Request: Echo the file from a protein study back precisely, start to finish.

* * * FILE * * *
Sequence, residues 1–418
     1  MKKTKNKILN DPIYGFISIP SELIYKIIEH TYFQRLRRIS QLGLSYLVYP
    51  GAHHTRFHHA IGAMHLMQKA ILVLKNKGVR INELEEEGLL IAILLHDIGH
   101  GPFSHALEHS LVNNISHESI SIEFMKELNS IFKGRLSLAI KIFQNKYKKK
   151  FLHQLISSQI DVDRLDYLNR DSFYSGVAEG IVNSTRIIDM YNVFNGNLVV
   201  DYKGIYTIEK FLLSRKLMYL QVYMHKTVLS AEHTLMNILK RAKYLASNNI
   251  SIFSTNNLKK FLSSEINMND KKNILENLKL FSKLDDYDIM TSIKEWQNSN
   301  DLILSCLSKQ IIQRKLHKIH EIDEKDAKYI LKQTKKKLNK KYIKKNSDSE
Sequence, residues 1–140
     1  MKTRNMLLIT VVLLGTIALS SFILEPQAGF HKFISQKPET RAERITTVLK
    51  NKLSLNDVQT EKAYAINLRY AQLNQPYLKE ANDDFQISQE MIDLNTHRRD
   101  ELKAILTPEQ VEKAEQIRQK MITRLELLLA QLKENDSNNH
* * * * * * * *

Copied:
Sequence, residues 1–418
     1  MKKTKNKILN DPIYGFISIP SELIYKIIEH TYFQRLRRIS QLGLSYLVYP
    51  GAHHTRFHHA IGAMHLMQKA ILVLKNKGVR INELEEEGLL IAILLHDIGH
   101  GPFSHALEHS LVNNISHESI SIEFMKELNS IFKGRLSLAI KIFQNKYKKK
   151  FLHQLISSQI DVDRLDYLNR DSFYSGVAEG IVNSTRIIDM YNVFNGNLVV
   201  DYKGIYTIEK FLLSRKLMYL QVYMHKTVLS AEHTLMNILK RAKYLASNNI
   251  SIFSTNNLKK FLSSEINMND KKNILENLKL FSKLDDYDIM TSIKEWQNSN
   301  DLILSCLSKQ IIQRKLHKIH EIDEKDAKYI LKQTKKKLNK KYIKKNSDSE
Sequence, residues 1–140
     1  MKTRNMLLIT VVLLGTIALS SFILEPQAGF HKFISQKPET RAERITTVLK
    51  NKLSLNDVQT EKAYAINLRY AQLNQPYLKE ANDDFQISQE MIDLNTHRRD
   101  ELKAILTPEQ VEKAEQIRQK MITRLELLLA QLKENDSNNH